How do clients experience reliving as part of trauma-focused cognitive behavioural therapy for posttraumatic stress disorder?

Authors


Dr Vanessa Shearing, Papworth Hospital, Papworth Everard, Cambridgeshire, CB23 3RE, UK (e-mail: VanessaShearing@gmail.com).

Abstract

Objectives. Reliving is an integral part of trauma-focused cognitive-behavioural therapy (CBT), a recommended treatment for post-traumatic stress disorder (PTSD) with a convincing evidence base supporting its use. However, the literature suggests that clinicians are reluctant to use reliving in therapy. The aim of this study was to explore participants’ experiences of undergoing reliving as part of CBT for PTSD in order to further clinicians’ understanding of client experiences of reliving.

Design. This was a qualitative study. Semi-structured interviews were conducted and the transcripts analyzed using interpretative phenomenological analysis (IPA) (Smith, Jarman, & Osborn, 1999).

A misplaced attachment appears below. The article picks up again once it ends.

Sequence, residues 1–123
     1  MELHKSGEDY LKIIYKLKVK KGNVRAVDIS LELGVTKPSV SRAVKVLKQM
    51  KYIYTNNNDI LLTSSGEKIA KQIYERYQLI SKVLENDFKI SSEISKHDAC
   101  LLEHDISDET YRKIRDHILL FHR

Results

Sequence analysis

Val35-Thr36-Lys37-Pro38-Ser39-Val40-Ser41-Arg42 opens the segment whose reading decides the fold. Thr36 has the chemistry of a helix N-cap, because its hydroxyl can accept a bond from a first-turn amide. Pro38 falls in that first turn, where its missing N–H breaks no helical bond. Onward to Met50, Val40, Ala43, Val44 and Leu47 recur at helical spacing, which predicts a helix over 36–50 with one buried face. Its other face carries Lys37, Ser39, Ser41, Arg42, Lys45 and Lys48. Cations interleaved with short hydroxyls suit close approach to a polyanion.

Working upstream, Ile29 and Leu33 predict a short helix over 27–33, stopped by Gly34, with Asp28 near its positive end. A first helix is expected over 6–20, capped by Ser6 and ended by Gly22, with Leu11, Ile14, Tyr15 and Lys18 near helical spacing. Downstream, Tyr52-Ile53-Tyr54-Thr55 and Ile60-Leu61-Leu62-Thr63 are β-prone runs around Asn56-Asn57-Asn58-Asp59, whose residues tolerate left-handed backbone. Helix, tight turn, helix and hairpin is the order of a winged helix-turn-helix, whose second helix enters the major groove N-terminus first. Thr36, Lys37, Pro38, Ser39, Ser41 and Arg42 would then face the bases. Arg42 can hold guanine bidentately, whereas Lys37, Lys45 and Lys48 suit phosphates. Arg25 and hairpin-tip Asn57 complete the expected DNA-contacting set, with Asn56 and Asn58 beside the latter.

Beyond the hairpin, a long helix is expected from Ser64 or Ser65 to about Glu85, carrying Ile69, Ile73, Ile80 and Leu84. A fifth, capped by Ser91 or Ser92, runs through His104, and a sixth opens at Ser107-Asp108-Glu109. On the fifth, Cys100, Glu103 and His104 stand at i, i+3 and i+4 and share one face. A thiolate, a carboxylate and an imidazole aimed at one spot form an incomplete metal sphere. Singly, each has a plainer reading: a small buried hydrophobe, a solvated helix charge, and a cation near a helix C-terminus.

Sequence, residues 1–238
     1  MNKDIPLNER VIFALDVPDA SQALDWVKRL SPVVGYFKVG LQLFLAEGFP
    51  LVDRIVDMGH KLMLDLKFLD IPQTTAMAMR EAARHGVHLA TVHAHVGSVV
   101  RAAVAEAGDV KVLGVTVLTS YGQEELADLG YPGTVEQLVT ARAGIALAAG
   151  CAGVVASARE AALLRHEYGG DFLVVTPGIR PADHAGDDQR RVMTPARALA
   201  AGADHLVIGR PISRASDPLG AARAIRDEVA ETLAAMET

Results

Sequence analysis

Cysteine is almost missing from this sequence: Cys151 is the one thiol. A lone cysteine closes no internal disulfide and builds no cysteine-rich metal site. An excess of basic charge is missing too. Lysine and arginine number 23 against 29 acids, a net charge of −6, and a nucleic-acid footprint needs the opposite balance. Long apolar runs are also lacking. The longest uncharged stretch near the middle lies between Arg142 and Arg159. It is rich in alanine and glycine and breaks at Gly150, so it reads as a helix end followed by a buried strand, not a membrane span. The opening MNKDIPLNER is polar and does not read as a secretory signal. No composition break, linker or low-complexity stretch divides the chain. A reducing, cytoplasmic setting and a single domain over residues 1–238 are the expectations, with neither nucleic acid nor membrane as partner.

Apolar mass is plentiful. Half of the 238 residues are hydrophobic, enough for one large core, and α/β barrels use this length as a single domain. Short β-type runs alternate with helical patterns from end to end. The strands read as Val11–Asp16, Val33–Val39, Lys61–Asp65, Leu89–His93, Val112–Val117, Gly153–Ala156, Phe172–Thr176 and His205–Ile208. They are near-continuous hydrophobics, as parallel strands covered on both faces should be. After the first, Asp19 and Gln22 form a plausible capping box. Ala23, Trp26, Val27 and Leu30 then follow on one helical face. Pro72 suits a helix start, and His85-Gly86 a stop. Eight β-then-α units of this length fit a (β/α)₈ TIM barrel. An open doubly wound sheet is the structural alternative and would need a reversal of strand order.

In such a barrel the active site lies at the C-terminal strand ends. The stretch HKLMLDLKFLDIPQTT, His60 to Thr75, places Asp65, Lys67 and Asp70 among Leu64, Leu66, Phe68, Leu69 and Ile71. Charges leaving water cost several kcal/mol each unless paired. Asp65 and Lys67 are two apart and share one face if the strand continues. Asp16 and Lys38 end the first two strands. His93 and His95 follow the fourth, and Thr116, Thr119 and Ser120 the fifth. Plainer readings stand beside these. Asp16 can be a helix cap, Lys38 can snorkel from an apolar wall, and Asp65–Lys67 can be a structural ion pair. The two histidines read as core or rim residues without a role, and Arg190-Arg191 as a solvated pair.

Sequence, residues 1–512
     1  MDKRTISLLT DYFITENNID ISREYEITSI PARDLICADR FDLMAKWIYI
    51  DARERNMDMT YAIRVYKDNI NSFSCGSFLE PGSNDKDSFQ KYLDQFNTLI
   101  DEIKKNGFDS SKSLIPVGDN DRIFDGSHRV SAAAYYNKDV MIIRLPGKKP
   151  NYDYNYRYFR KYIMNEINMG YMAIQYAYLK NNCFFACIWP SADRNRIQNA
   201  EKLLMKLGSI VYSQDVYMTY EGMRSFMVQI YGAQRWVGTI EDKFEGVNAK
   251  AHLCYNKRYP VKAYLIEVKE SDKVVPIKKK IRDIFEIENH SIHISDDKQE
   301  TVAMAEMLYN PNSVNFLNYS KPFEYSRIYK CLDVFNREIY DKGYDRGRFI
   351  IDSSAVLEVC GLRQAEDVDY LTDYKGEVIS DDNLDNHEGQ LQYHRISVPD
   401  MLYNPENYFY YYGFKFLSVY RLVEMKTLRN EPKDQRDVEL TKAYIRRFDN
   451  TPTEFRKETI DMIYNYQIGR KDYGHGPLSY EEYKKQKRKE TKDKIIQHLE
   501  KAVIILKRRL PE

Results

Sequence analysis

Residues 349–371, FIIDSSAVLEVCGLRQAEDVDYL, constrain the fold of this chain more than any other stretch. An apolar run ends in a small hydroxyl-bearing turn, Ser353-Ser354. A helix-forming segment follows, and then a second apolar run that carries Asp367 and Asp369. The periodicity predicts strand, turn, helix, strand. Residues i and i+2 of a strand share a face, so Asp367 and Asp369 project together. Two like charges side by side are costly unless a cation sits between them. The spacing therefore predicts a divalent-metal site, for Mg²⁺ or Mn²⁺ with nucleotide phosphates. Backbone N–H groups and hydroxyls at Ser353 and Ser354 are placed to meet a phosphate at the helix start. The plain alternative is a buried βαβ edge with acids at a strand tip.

Method. Seven participants who had completed the reliving component of trauma-focused CBT in the previous month were recruited through therapists working in specialist trauma services, and semi-structured interviews were conducted using a topic guide. The transcripts were analyzed using IPA to enable the research questions to be addressed.

Results. Three super-ordinate themes and 11 subordinate themes were developed to reflect participants’ common and distinct experiences. The three super-ordinate themes were ‘overcoming ambivalence’, ‘painful but achievable’, and ‘positive change’.

Conclusions. This study provided useful information about participants’ experiences of reliving during CBT for PTSD. Clinical implications regarding the therapeutic relationship, preparing clients for reliving, and the impact of reliving were suggested. Implications for future research were identified including extending the score of the study, exploring differences in participants’ experiences, and exploring unexpected findings.

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